I like good, easy listening music when I drive and have a great quadraphonic 10-speaker tunable bass/treble stereo in the car.
Stations are preprogrammed and that's enough.
Of course, Sweeps had to comment, "This is blowing out my audio sensors! It's torture!"
The kids tell me I can program in Pandora and Iheartradio but I don't like them asking me from time to time, "Hey, you still listenin?"
The car is still running, isn't it?
Of course, the real challenge comes with the infotainment systems in the car and the features they just keep packing in.
App for That – The app from Global Mobile Alerts is just one of many smartphone applications that disable and warn users not to place/receive calls or texts while driving. At the same time, studies show that kids learn best by example.
I no longer go to a mechanic when there's an issue with the car ... I go to a technician.
Mind of Its Own
In-car electronics have become increasingly sophisticated; and to make sure you are entertained and work 100+ percent of the time, they're adding infotainment centers.
And the infotainment center has invited a whole new set of apps you can get for free or buy and download.
Manufacturers and service engineers say the hardware itself is really pretty bulletproof and very robust and reliable.
Of course ... it's always a software problem.
Not really. Most of the manufacturers and dealers say it's the person on this side of the screen just trying to figure out what in the heck he/she did or didn't do and how to undo it.
Megatron interrupted and said, "Your knowledge is only overshadowed by your stupidity!"
That's why GM and most of the car manufacturers have opened service technician colleges to not only troubleshoot and resolve equipment issues but also train the customer. These guys/gals help you understand how the car is supposed to operate and get you familiar with all the systems/apps.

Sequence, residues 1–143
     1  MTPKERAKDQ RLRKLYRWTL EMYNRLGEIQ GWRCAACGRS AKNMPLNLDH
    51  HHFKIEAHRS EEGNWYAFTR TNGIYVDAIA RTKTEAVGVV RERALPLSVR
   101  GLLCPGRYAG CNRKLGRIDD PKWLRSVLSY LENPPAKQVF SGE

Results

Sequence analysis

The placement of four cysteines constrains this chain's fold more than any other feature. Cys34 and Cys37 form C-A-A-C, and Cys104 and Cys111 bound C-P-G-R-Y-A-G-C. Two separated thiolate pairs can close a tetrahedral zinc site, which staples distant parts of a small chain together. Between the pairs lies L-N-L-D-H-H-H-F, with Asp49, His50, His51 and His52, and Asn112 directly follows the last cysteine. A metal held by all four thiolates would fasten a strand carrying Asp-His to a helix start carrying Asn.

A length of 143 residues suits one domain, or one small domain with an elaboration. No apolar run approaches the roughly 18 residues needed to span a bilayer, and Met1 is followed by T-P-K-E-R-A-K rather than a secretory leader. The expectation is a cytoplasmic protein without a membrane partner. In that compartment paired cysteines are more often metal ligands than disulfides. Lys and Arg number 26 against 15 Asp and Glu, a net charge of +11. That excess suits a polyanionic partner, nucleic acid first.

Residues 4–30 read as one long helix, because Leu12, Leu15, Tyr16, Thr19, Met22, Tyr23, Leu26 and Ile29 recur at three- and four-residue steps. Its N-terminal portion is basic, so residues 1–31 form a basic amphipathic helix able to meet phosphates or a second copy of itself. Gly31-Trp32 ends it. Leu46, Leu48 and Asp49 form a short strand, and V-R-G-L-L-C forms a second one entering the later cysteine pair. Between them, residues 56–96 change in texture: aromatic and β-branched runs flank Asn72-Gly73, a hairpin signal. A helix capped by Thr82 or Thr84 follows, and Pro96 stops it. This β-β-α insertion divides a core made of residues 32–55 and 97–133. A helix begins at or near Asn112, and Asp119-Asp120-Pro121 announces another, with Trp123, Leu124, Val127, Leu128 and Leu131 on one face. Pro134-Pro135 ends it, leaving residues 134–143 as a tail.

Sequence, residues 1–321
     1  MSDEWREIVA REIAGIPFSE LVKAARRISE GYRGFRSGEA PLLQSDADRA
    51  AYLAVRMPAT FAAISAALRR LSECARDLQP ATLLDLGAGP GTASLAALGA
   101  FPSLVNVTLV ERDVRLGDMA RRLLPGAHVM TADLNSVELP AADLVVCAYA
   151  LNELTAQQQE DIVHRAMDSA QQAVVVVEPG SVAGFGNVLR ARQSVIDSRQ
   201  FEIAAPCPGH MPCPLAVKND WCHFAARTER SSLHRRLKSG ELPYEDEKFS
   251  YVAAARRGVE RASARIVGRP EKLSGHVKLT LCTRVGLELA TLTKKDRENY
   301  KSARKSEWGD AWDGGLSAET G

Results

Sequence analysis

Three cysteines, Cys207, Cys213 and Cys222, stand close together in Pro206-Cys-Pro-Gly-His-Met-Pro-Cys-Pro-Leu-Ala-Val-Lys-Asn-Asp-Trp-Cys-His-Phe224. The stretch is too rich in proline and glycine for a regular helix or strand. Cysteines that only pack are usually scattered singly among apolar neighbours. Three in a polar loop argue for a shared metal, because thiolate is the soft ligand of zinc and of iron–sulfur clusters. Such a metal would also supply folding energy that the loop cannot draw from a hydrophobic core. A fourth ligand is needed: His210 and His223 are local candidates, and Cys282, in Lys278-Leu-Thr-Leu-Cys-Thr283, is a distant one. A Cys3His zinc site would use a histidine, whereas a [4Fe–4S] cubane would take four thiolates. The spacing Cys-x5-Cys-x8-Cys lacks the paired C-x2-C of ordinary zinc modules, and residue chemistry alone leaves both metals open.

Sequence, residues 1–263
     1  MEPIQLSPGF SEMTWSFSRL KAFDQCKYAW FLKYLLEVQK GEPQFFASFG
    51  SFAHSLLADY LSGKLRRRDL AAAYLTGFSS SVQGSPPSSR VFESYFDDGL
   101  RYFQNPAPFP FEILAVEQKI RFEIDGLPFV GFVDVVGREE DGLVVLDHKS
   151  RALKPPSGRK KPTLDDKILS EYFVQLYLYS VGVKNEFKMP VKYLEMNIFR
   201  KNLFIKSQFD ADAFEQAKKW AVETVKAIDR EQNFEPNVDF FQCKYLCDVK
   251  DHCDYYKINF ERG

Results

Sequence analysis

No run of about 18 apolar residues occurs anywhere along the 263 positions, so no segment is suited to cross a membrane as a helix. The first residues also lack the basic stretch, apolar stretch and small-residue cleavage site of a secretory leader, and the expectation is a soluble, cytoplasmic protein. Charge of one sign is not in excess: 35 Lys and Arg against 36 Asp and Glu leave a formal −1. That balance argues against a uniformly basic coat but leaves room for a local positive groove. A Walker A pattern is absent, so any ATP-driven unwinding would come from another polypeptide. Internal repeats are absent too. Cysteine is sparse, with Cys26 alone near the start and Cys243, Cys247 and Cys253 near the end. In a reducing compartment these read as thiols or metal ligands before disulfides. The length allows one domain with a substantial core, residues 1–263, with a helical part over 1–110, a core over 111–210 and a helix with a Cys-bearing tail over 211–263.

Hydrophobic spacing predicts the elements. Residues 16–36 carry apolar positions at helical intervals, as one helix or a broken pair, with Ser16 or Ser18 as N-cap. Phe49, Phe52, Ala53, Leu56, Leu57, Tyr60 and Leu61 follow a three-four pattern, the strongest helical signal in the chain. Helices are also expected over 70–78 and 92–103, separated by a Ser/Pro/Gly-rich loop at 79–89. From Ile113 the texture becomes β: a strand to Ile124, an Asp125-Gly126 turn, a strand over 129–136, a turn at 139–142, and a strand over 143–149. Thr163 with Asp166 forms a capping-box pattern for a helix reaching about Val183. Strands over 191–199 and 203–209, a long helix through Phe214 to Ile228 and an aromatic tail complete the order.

Of course, two days after you leave the lot, you've forgotten 80-90 percent of the information so you begin searching ... while driving.
It's great there's now an iBeetle with a docking station and applications that just make you want to stay in the car.
Of course, GM, Audi and the others are doing things like this – adding Siri voice assistance, hands-free communications/multimedia services, voice-to-text translation, you name it ... it'll all be there.
That's a lotta' work just to keep you in your car.
It doesn't really matter that voice-activated systems are no better than manual ones, according to a recent Texas A&M study.
They found distraction was distraction and, in fact, the voice approach gave folks a false sense of security that wasn't really there.
But then, it never has been!
That's probably why the transportation folks have said that beginning next year, cars would have to come with a blackbox like on a plane so they'll be able to study what happened.
Like I really care if that happens because fer gawd sake I'm dead!
More than You Need – Consumer electronics firms and the auto industry are working closely together to deliver car owners with all the news, information, entertainment and connectivity that they have at home or in the office. Sometimes less is better.
As Kup observed, "Boy, that's what makes life interesting!"
And if you really think about it, if they can produce a box that survives the accident (even flames) why in h*** can't the produce a car that would really look cool and let you walk away from the accident unscathed?
Maybe they'll add an app that can call ahead to the hospital and insurance company?
Just like my smartphone, tablet and laptop, I'll use 10-15 percent of the features/capabilities and leave the rest to my digital native kids to work with while I'm driving.
I need to concentrate on the road ahead, my supersized Pepsi and Subway sandwich.